Researchers in the US and Australia have developed a vaccine formulation which targets two of the key proteins involved in Alzheimer’s disease progression. According to Professor Nikolai Petrovsky, of Flinders University School of Medicine in Australia and his colleagues on the study, the vaccine could enter clinical trials in the next three to five years.
In preclinical trials, the combination vaccine was able to stimulate the immune system to produce antibodies against both beta-amyloid and tau proteins in the brain. High levels of both of these proteins are commonly found in the brains of people with Alzheimer’s disease.
Beta-amyloid accumulation resulting in plaque formation occurs in the extracellular space surrounding neurons, whereas the tau protein forms primarily intracellular tangles. These plaques and tangles likely interfere with the normal cell-to-cell signaling between nerve cells, which leads to cell death and further neurodegeneration.
“[The proteins are] a bit like the car in your driveway,” Petrovsky told ABC Adelaide. “You need to remove them from the brain otherwise if you left broken down cars in your driveway eventually you couldn’t get out.
“Essentially that’s what happens in people who get Alzheimer’s or dementia is they have lots of these broken down proteins in the brain,” Petrovsky continued. The results of their research on a candidate Alzheimer’s vaccine were published in the journal, Scientific Reports.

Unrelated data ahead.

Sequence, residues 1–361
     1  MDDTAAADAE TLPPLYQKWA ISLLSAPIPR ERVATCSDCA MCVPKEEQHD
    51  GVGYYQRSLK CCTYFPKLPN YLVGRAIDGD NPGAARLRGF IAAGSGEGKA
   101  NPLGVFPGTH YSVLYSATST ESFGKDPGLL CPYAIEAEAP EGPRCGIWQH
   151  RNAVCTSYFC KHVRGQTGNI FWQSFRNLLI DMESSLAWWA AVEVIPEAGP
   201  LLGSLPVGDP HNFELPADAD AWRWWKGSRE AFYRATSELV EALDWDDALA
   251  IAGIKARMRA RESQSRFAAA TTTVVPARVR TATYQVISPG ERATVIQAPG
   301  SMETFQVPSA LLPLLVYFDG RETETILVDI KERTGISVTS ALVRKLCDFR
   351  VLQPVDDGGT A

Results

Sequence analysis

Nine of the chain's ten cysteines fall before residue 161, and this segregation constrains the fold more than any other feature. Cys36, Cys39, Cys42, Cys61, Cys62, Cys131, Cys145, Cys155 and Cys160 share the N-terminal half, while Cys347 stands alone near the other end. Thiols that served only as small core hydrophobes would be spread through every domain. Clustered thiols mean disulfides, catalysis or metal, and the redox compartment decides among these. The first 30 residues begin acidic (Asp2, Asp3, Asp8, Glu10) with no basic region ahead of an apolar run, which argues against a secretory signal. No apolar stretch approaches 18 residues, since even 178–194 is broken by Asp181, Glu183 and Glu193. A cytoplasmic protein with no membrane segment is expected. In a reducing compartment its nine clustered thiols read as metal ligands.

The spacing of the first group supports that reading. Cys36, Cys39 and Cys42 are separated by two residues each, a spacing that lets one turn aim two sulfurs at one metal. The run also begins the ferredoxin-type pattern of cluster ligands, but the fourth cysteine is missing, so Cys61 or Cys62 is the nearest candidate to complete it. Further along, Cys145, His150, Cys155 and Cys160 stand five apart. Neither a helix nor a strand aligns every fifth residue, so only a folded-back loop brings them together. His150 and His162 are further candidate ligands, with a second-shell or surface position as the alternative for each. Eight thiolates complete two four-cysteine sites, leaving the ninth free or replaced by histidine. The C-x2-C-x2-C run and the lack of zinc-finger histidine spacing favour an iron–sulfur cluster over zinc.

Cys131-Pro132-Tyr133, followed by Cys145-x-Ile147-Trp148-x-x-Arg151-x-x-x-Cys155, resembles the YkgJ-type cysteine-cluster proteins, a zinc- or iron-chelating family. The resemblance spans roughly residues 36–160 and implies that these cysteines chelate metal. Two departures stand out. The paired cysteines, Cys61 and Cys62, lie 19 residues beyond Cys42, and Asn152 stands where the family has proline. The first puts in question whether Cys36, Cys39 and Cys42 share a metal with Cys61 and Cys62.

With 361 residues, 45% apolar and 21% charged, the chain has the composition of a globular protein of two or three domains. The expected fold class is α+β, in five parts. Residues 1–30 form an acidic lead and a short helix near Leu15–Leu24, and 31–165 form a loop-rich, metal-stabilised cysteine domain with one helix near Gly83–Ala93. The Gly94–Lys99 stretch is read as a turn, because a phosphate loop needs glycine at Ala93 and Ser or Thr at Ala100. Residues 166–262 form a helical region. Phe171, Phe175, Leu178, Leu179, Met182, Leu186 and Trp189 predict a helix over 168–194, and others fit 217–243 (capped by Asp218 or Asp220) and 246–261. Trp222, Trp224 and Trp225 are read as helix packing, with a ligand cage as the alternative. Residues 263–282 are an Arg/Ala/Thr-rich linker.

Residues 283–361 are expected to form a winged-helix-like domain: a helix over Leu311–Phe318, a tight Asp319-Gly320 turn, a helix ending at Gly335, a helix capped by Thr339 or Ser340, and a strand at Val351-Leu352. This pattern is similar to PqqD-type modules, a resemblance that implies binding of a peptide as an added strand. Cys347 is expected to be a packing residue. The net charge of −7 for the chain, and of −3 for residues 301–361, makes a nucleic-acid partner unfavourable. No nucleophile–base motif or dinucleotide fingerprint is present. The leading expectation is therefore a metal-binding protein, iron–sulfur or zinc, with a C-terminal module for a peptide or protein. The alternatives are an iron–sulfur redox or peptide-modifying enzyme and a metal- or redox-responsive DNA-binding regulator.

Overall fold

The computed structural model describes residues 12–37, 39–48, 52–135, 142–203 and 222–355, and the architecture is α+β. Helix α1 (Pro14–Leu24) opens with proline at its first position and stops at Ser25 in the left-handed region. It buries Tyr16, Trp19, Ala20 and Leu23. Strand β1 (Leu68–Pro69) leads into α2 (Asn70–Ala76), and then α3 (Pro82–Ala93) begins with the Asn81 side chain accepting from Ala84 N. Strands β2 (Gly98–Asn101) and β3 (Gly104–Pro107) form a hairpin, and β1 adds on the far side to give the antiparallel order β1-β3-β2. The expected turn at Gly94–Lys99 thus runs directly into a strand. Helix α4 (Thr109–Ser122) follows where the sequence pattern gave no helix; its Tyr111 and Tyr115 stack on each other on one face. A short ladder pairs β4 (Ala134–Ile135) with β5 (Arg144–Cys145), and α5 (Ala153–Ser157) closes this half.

Using the MultiTEP vaccine platform and Advax, Petrovsky and his colleagues developed their Alzheimer’s vaccine candidate. The MultiTEP technology triggers a strong antibody response to both the beta-amyloid and tau proteins, while the adjuvant vaccine Advax strengthens the overall immune response.
The researchers found that this combination formula was highly-effective and well tolerated in mouse models of Alzheimer’s disease. What’s more, the vaccine was able to generate an immune response against the Alzheimer’s-associated proteins in brain tissue, harvested from patients with the neurodegenerative disease.
“This study suggests that we can immunize patients at the early stages of AD [Alzheimer’s disease], or even healthy people at risk for AD, using our anti-amyloid-beta vaccine, and, if the disease progresses, then vaccinate with another anti-tau vaccine to increase effectiveness,” said Professor Michael Agadjanyan, Institute for Molecular Medicine, California. The researchers benefited from funding provided by the National Institutes of Health (NIH), which will provide $1.3 billion in total funding for Alzheimer’s research this year alone.
Clinical trials for Alzheimer’s drugs are notoriously difficult, with only a 0.4 percent success rate for drugs which made it through to regulatory approval between 2002 and 2012. Approximately 5.4 million people in the US have been diagnosed with Alzheimer’s disease, and this number is predicted to grow three-fold by 2050.